Regarding the political implications of the survey for the Republican Party, Melissa Michelson, a professor of political science and Menlo College, advises the party to change their stance on immigration policy, and move their agenda toward supporting the path to citizenship. "Republicans will have to do more than support comprehensive immigration reform," Michelson advised. "They have to show Hispanic families that they care about them. They cannot say that undocumented immigration is a problem."

Survey results show that: "Nearly half (45 percent) of Americans say the Republican Party's position on immigration has hurt the party in recent elections."

Michelson added that, according to the survey, the vast majority of Americans are unaware that deportations have increased under the Obama administration. "However, Hispanics know, yet Obama received a majority of their votes."

The survey results show that: "Although deportations of illegal immigrants have increased since the beginning of the Obama administration, less than 3-in-10 (28 percent) of Americans correctly state that depor­tations have increased over the past five or six years. A plurality (42 percent) of Americans believe that the number of deportations has stayed the same, while nearly 1-in-5 (18 percent) say deportations have decreased."

She also recommends that, as part of immigration reform, the government create a fraud-proof ID card for all immigrants, so the government will know who everyone is.

According to Michelson, there's also a "striking disconnect" regarding a path to citizenship for LGBT partners in order to "keep families together." The PRRI-Brookings survey reveals that "63 percent of Americans disagree that preference should be given to immigrants who have a gay or lesbian spouse currently living in the U.S. legally." And less than half, 46 percent of millennials say that, "immigrants with a gay or lesbian spouse currently living in the U.S. legally should be given preference."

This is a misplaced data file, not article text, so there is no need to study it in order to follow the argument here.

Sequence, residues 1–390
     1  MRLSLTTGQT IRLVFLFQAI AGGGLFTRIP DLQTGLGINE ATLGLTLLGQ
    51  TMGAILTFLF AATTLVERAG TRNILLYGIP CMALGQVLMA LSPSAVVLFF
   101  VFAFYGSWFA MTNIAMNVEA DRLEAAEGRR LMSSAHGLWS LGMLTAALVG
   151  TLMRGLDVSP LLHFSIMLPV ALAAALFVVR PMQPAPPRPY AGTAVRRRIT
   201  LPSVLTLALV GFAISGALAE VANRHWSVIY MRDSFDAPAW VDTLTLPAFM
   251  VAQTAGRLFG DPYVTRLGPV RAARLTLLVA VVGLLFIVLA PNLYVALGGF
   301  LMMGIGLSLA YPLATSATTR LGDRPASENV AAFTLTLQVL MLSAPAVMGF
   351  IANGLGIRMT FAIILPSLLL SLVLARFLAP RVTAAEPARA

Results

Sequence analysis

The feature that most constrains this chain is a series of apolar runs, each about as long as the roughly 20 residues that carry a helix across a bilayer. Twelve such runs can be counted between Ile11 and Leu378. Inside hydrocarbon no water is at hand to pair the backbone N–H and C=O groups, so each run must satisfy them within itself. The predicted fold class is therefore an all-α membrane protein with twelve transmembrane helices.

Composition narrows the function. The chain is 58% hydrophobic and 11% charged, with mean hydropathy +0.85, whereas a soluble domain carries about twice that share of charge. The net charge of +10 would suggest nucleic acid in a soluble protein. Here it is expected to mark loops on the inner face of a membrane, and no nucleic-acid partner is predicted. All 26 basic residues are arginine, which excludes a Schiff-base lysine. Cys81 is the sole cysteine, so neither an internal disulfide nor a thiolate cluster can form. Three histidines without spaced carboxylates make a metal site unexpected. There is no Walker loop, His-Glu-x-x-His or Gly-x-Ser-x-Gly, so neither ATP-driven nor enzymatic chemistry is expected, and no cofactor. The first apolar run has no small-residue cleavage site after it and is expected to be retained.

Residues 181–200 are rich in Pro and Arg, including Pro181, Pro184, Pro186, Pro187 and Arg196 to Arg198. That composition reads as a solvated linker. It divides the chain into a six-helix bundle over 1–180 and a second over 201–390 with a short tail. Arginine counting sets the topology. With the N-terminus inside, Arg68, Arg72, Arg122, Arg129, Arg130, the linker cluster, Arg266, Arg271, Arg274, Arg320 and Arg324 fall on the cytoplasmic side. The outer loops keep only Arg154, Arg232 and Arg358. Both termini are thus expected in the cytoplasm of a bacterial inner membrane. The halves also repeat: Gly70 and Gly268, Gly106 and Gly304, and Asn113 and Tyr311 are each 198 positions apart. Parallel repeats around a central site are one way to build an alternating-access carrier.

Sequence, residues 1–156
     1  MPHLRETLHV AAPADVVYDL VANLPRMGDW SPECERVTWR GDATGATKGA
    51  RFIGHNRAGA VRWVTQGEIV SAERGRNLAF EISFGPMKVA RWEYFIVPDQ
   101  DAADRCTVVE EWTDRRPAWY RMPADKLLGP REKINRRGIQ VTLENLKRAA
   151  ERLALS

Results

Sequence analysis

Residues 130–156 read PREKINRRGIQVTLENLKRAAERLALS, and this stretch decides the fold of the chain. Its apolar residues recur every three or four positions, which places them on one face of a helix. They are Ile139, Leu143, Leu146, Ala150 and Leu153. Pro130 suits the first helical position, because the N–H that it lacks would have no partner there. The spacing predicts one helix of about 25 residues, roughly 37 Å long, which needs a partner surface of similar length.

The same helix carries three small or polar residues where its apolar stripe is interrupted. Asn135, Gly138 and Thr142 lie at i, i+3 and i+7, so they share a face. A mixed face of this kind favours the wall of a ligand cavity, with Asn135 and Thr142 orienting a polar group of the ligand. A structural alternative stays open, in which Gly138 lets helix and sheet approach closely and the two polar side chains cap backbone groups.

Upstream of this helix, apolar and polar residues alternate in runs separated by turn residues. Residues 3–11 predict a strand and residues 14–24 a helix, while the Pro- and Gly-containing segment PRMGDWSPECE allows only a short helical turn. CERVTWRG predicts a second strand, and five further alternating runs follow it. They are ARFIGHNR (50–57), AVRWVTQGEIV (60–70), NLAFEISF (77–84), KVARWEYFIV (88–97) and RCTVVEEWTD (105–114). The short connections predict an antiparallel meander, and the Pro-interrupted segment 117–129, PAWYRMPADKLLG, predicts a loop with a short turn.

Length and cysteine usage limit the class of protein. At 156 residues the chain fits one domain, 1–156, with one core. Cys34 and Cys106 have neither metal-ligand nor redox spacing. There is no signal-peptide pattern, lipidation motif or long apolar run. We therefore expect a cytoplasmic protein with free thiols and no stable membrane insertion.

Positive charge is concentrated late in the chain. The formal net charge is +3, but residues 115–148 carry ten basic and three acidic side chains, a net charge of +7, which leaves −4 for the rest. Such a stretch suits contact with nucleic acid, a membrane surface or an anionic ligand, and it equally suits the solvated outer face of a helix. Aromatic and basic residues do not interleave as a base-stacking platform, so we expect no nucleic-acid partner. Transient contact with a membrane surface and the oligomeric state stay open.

William Galston, a senior fellow at the Brookings Institution, told The Christian Post that he believes President Obama would prefer to sign a bill that includes the LGBT provision, "but I have no basis for saying that he would veto a bill that didn't include the provision."

"Overall we were surprised by the breadth of support for immigration reform among political parties, ideologies, and religious groups," said Galston, who's also a former policy advisor to President Clinton. "Given that it's been polarized for so long."

He continues, "I have tracked the white working class for a long time. Evangelical Christians are now coming out in favor of the DREAM Act. We asked this question several different ways, from the standpoint of public opinion, to ensure the accuracy of the findings. There are still intense differences [among those surveyed], but there is some agreement."

One of the survey results that intrigue Galston is that 55 percent of women who responded "believe that America has changed for the worse since the 1950s," he noted. "Even college graduates are split on this by 48 to 47 percent. Every cohort over the age of 30 thinks things have gotten worse."